Tuesday, December 18, 2012

Speechless by Hannah Harrington

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Everyone knows that Chelsea Knot can't keep a secret.
Until now. Because the last secret she shared turned her into a social outcast—and nearly got someone killed.
Now Chelsea has taken a vow of silence—to learn to keep her mouth shut, and to stop hurting anyone else. And if she thinks keeping secrets is hard, not speaking up when she's ignored, ridiculed and even attacked is worse.
 But there's strength in silence, and in the new friends who are, shockingly, coming her way—people she never noticed before; a boy she might even fall for. If only her new friends can forgive what she's done. If only she can forgive herself.

It’s absolutely no secret at all as to how much I adore Harrington’s debut novel Saving June. When she had mentioned to us in her interview last year that she was working on Speechless, I knew that she’d be sharing something fabulous with us again.

Speechless deals with the hard topics of bullying and gossiping. Chelsea lives in the upper echelon of her high school’s social hierarchy. I didn’t like her at first. We’re not supposed to. She represents everything that is awful about high school. Gossiping is a way to maintain her status though I will say she is most definitely a follower here as she’s always under the influence of her best friend, Kristen. At Kristen’s New Year’s Eve party, she gets drunk and unwittingly becomes witness to a very private moment between two boys. Unable to keep her mouth shut as usual, she blurts out what she’s seen to everyone resulting in a disgusting act of violence that lands the victim in the hospital. Realizing that her gossiping was responsible for the violent act, she decides to refrain from speaking for as long as she can. The way she sees it, nothing good can come from her talking so why not for ?nce be silent?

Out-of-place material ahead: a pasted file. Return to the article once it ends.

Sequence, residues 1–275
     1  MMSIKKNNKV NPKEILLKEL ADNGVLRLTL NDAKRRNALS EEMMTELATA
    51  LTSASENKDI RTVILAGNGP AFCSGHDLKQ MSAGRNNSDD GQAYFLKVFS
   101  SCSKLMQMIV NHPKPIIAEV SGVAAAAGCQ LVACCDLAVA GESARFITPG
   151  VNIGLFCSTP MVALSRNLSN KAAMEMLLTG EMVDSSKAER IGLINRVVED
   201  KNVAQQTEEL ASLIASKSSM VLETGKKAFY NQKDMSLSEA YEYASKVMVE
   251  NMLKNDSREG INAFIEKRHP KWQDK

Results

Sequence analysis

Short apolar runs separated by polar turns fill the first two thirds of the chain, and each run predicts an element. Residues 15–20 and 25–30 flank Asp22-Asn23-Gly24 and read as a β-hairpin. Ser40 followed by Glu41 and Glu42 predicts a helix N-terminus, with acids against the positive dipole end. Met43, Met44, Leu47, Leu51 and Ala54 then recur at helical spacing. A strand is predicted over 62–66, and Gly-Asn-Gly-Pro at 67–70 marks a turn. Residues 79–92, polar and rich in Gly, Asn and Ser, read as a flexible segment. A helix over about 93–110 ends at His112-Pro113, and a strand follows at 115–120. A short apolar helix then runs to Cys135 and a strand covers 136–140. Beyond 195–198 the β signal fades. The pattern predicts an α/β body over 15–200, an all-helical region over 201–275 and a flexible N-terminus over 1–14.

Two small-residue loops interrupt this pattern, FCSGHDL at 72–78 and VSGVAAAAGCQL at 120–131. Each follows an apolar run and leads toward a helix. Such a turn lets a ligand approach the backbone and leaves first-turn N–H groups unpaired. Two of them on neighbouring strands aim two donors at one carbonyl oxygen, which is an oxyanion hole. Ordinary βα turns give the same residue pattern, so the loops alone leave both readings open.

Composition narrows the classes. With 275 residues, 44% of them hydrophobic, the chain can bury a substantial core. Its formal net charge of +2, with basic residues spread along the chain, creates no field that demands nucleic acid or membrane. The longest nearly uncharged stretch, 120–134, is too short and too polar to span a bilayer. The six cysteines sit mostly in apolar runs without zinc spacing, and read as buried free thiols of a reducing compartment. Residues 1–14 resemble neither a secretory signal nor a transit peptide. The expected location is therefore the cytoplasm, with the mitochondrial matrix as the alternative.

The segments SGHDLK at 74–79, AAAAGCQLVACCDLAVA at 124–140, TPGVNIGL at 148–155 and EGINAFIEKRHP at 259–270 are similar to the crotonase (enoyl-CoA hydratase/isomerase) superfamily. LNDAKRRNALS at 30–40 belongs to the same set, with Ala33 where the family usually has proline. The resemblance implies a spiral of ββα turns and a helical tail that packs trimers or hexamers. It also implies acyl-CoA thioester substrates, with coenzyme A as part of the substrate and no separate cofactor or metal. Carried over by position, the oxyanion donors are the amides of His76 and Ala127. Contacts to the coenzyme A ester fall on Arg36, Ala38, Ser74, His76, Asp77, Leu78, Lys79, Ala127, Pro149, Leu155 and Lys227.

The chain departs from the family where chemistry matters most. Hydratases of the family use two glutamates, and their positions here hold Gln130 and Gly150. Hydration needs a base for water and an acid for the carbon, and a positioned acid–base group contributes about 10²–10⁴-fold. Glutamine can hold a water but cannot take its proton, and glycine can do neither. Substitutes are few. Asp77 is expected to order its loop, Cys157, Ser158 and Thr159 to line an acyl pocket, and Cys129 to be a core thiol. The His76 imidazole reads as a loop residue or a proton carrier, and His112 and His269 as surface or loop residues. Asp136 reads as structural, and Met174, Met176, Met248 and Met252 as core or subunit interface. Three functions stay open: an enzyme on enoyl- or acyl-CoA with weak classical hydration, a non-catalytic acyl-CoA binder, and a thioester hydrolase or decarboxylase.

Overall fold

The tables turn on Chelsea swiftly after she comes forth to the authorities with the truth about the perpetrators. It is a long, painful fall down to the bottom tier. She’s completely isolated and removed from her former friends. At this point you expect the author to throw in some grand life lesson learned. She doesn’t. Instead Chelsea very stoically accepts her “sentence”. She understands that her actions have hurt people and that they all need time to calm down. She's very simplistic about this at first. She’s under the notion that things will blow over soon and that things will be normal again. Not so much. Everyone is downright vile towards her including her former best friend.

What makes Speechless outstanding is the honesty with which Chelsea approaches her new status. She doesn’t experience any immediate epiphanies. It’s a gradual learning curve. She misses her old life, especially Kristen. Now that she’s exiled from the cool crowd, she does meet other kids at school, people she admits she was completely unaware of. She examines her decision to turn her former friends in to the police but it’s surprising that she doesn’t necessarily see it as doing the right thing – just something she had to do. Her vow of silence starts out as a way for her to assuage her guilt but becomes an opportunity for introspection. She gains remarkable insight by simply being silent. It’s as if her other senses have kicked into high gear and she’s truly listening and seeing people for the first time. Her new friends Asha and Sam are among many delightful highlights in the book. Their friendship gives Chelsea a whole new lease on her high school life.  

There’s so much more I want to add about the story itself but I’ll refrain from giving it away.  I cannot begin to describe how this story has wrapped itself around me. Hannah Harrington is a very gifted storyteller with an amazing ability to just capture your heart by diving into these very real moments with such authenticity and compassion. You get into the mindset of these individuals and understand what’s motivating them because you’re living vicariously through them.  Harrington’s writing evokes strong feelings because her characters are genuine and you trust the direction she’s taking them in. They’re very much alive and heartfelt because of the voice she gives them.

Another reason to love Speechless it features a young girl who matures into a strong young woman. I don't come across enough of them in contemporary YA fiction.  It's about becoming a better person after having gone through all the crap and nonsense life throws at you. It’s about finding a voice that has purpose. 
~ Bel



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